Friday, April 5, 2019

Management of Mandibular Condylar Fractures (MCF)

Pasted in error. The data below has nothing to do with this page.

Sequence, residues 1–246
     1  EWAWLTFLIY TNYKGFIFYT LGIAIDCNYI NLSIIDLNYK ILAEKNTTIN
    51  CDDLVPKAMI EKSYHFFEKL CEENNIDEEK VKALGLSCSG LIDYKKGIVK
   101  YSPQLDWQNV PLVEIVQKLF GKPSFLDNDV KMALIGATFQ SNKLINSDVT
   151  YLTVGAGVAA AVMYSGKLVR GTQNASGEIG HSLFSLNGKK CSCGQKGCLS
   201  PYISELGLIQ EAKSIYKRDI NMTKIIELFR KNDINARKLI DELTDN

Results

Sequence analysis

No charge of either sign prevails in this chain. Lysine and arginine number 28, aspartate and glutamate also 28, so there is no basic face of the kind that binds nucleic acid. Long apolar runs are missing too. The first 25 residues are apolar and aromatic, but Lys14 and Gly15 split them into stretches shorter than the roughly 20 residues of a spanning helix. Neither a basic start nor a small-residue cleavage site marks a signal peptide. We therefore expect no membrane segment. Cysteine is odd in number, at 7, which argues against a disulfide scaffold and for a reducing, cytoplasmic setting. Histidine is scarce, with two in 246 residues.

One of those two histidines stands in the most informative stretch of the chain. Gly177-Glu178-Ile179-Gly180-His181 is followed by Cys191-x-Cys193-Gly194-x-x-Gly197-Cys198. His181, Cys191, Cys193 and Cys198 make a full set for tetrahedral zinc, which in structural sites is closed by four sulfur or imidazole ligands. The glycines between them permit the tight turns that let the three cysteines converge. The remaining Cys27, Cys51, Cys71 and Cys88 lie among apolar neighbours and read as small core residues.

heed of mandibular condylar Fractures (MCF)SummaryThis paper reassessments the literature of evidence ground studies and textbooks on the way of mandibular condylar fractures (MCF). It in addition provides a brief outline of the signs and symptoms as fountainhead as the classification system of MCF. Optimal management of MCF is a controversial topic and at that place is excessively no consensus on its associated classification system.OverviewThe mandibular condyle is an articular surface that is part of the temporomandibular joint which facilitates the rotational and translational movement of the jowl. The condyle varies in appearance between individuals and also by age group to accommodate developmental variations, and also due to malocclusions, trauma and diseases.The condyle is a weak point due to its relatively low rigorousness and as such is more prone to fractures than other parts of the mandible. The condyle acts as a buffer to begin with to reduce intracranial injur ies. Based on go over of dickens studies, Boffano et al, 2015, reported that condylar fractures ranges from 35% to 43% of all mandibular fractures. According to Afrooz et al, 2015 condyle fractures re evidence 27.4% of all mandibular fractures. Based on their review of the US National Trauma Data Bank records, they also conclude that mandibular fractures are primarily caused by external causative factors such as assault, motor vehicular accidents and falls. Internal causative factors of fractures send packing overwhelm osteomyelitis and tumors but are not as signifi johnt as the external factors.Signs of Mandibular Condylar FracturesCondylar fractures can be unilateral or bilateral. A patient with condylar fracture can lay out the following signs (Peterson Kruger, 2011)Occlusal Prematurity Reduction in vertical height of the mandible on the injured spatial relation as a result the injured side makes contact first sometimes followed by rocking cause and then occluding to ma ximum intercuspation. Careful observation of the mandibular closure will show the alteration in the alignmentInability to Achieve Maximum Intercuspation In bilateral fractures, due to the fracture of both(prenominal) condyles there is a premature contact of the posterior teeth with a large anterior sacrifice bite. two-sided condylar fractures along with symphysis fracture can cause posterior cross bites and anterior clean-cut bitesipsilateral Laterognathia- In unilateral fractures there is laterognathia on the side affected by the condylar injury. Due to retrodisplacement of the mandible on the injured side, there may be Class II molar malocclusion on that side.ipsilateral Deviation on Opening- In unilateral fractures, while opening the mandible gets deviated to the side of the injury reconciliation Side Occlusal Interference during Contralateral Mandibular Translation Balancing side interferences may be present when performing contralateral jaw movements in unilateral condyla r fracturesLimited Mouth Opening This can be attributed to interferences of the fracture, displacement and/or rotation of the segments, coronoid impingement, bleeding, edema and nuisance from joint splinting.Classification of MCFThere has been a lack of general consensus on the classification of the anatomical mandibular condyles which in put to work has caused disagreement on the most effective way of management of MCF. There are a few systems used for classifying Condyle fractures.In the earlier days, a number of classification systems were based on radiological X-rays and were not supported by surgical experiences and findings. These systems holdd those proposed by Kohler, Reichenbach and Wassmund.The Lindahl system developed in 1977 is a popular method of classifying condylar fractures. In this method, the position of the fracture is the main determinant as to whether it falls in the condyle head, the condyle neck or the condyle base. These areas are delineated by specific l andmarks and reference lines. This system was refined further by Loukota et al in 2005 by subdividing the condylar process more precisely and delineating defined anatomical landmarks1. However a drawback of this classification method is that the degree of displacement or dislocation which is essential to surgical intervention is not captured.The Spiessl method categorises the condylar fractures according to the point of occurrence of the fracture (low or high) without displacement and with displacement or dislocation as well as condylar head fractures. This classification system has been used in clinical and scientific use however there is still a limitation in that it does not define the degree of angulation nor clearly articulate the borderlines between low or high fractures. trouble of MCFThe management of mandibular condylar fractures has been a controversial subject. The options to management of condylar fractures include do nothing (observation), closed decline or open less ening techniques. With the do nothing option only practical in the simple and straight forward cases, the real debate is whether to pursue closed or open decline. A number of variables must be taken into account to determine the give-and-take method. These variables include the patients age, presence of teeth, asperity of fracture of the condyle and associated fractures of the mandible, fracture height, extent of malocclusion, patients adaptation, patients masticatory system and unilateral or bilateral occurrence.A literature review of many evidence based studies was undertaken with advantages and disadvantages of both the closed diminution and the open reduction methods as postulated by researchers and clinicians. The summarised findings are outlined below.Eckelt et al, 2006 undertook a study on 66 randomised patients and compared the results of open versus closed handling of fractures of the mandibular condylar process. They stated that correct anatomical position of the fragm ents was achieved significantly more often in the operative group in contrast to the closed sermon group. They also found that the patients who had operative treatment reported little pain. In terms of mandibular function impairment, they reported that the persons who had operative treatment had less pain and discomfort. They also reported that there was significant differences in mouth opening/lateral diversion/protrusion between both groups (open 47/16/7mm versus closed 41/13/5mm).They concluded that both treatment options for condylar fractures of the mandible yielded acceptable results. However, operative treatment, irrespective of the method of internal fixation used, was A-one in all objective and subjective functional parameters.In a study conducted on 27 patients in India, (Ragupathy, K 2016) comparing the outcomes of surgical vs nonsurgical treatment of mandibular condyle fractures, he reported that no group had malocclusion. Of the 11 persons in the open reduction grou p one person had a post-operative contagion and two had temporary facial nerve weakness. In the closed reduction group, nine patients had loss of vertical ramus height and six had reduced mouth openings (less than 35mm). He concluded that .. nonsurgical treatment gives satisfactory clinical results, though the condyle is not anatomically normal in radiographs, whereas surgical treatment provided more accurate results clinically as well as radiographically.Kysas, 2012 et al undertook a meta -analysis of 20 studies involving analyses of 1,186 patient comparing closed reduction to open reduction in patients with condyle fractures. It must be noted that only 4 out of the 20 studies were randomised control trials (RCT). In addition, they noted that there was significant variation between treatment protocols, follow up periods, and outcomes measured. Kysas considered a number of post treatment functionalities such as status of the post-treatment occlusion, mouth opening, protrusion, faci al height, pain and the presence of postoperative ankyloses. They also considered facial nerve weakness and scarring in the case of open reduction method. The 4 RCT studies reported statistically significant conclusions favouring open reduction method over the closed reduction method however Kysas et al found some shortcomings in these studies methodologies. Kysas et al concluded based on their meta-analysis that open reduction method for condylar fractures may be as good as or better than closed reduction. In addition, they reported that morbidity associated with surgery is low. However, they caution that gettable evidence is of suffering quality and as such not strong enough to change clinical practice.Choi et al, 2012 summarised the advantages and disadvantages of both open and closed reductions methods.Advantages of Closed Reduction No injuries to jumpiness or blood vessels. No post-operative complications such as scar or infection. No tooth germ injury occurs because there is no establishment of crown of eonian teeth this is beneficial for paediatric patients.Disadvantages of Closed Reduction Because of the insufficient reduction of devise fragments, there can be disorderly or excessive growth of the mandible and displacement of the ramus or mandibular warp can occur. In addition there can be injury to the periodontal tissue and buccal mucosa, poor oral hygiene, pronunciation disorder, imbalanced nutrition, mouth opening disorder, and respiration disorder.Advantages of Open Reduction downplay the number of displaced stand up fragments to the best location possible. Prevent future complications such as respiratory disorder, genuine pronunciation and minimise nutritional imbalanceDisadvantages of Open Reduction Possibility of damage to blood vessels and nerves exists. There is potential for post-operative complications. A permanent scar is very likely.Choi et al suggests that for pediatric patients, because of their elastic bone structure and thic k soft tissue coverage, thin cortical bone and significant premature trabeculate bone, no severe impact occurs upon receiving trauma. As such treatment methods can differ between pediatric and adult patients. They suggest that because most of the growing crown of the permanent tooth has not yet been completed, the ratio of bone tissue to the tooth is relatively low. In addition, in developing dentition, the teeth are in different stages of natural composition and maturation they can also easily be in the line fracture which in turn can cause delayed eruption and ankylosis. Intermaxillary fixation of more than 2 weeks is not recommended for these pediatric patients and open reduction is not normally used since it is invasive and there is risk of facial nerve injury. They also report , no significant difference in prognosis is found compared to closed reduction.Conclusion care of MCF remains a subject area where there is a lack of consensus on whether open reduction or closed reduct ion method is more suitable. Where there are some convergence of ideas include that intracapsular fractures are better treated closed6, it is better to deal with pediatric patients with closed reduction where practical and that physical therapy post treatment is important.Traditionally, closed reduction techniques were more prevalent however with enhancement in tools available for surgical intervention, open reduction techniques are being practised more, with the added benefit of evidence based studies on such techniques becoming more available.ReferencesAfrooz, P., Bykowski, M., James, I., Daniali, L., Clavijo-Alvarez, J. (2015, December). The Epidemiology of Mandibular Fractures in the United States, Part 1 A review of 13,1442 Cases from the US National Trauma Data Bank. Journal of Oral and Maxiloofacial Surgery, 73(12), 2361-2366.Buffano, P., Kommers, S., Karagozoglu, K., Gallesio, C., Forouzanfar, T. (2015). Mandibular Trauma A two centre study. International Journal of Oral a nd Maxillofacial Surgery, 44(8).Choi, K.-Y., Yang, J.-D., Chung, H.-Y., Cho, B.-C. (2012, July 291-300). Current Concepts in the Mandibular Condyle Fracture Management Part I Overview of Condylar Fracture. Archives of Plastic Surgery, 39(4).Choi, K.-Y., Yang, J.-D., Chung, H.-Y., Cho, B.-C. (2012). Current Concepts in the Mandibular Condyle Fracture Management Part II Open Reduction Versus Closed Reduction. Archives of Plastic Surgery, 39(4), 301-308.Eckelt U1, S. M., KL, G., E, K., R, L., M, R., J, S., H, T. (2006, July). Open versus closed treatment of fractures of the mandibular condylar process-a prospective randomized multi-centre study. Craniomaxillofacial Surgery, 34(5), 306-14.Goldman, K. E., Meyers, A. D. (2015, August 31). Mandibular Condylar and Subcondylar Fractures. Retrieved from Medscape http//, S., Praveen, B., Shishir, R. (2013). Morphological and Radiliogical Variations of Mandibular Condyles in Health and D iseases A Systematic Review. Dentistry ISSN, 3(1), 1.Kyzas, P. A., Saeed, A., Tabbenor, O. (2012). The treatment of mandibular condyle fractures A meta-analysis. Journal of Cranio-Maxillofacial Surgery, 40(8).Neff, A., Cornelius, C.-P., Rasse, M., Torre, D., Audige, L. (2014, December). The extensive AOCMF Classification System Condylar Process Fractures Level 3 Tutorial. Craniomaxillofacial Trauma Reconstruction, 7.Peterson, L., Kruger, G. (2011). Petersons Principles of Oral and Maxillofacial Surgery. computerized tomography Peoples Medical Publishing House.Raghupathy, K. (2016). Outcomes of surgical versus nonsurgical treatment of mandibular condyle fractures. International Surgey, 3(1).1 (Neff, Cornelius, Rasse, Torre, Audige, 2014)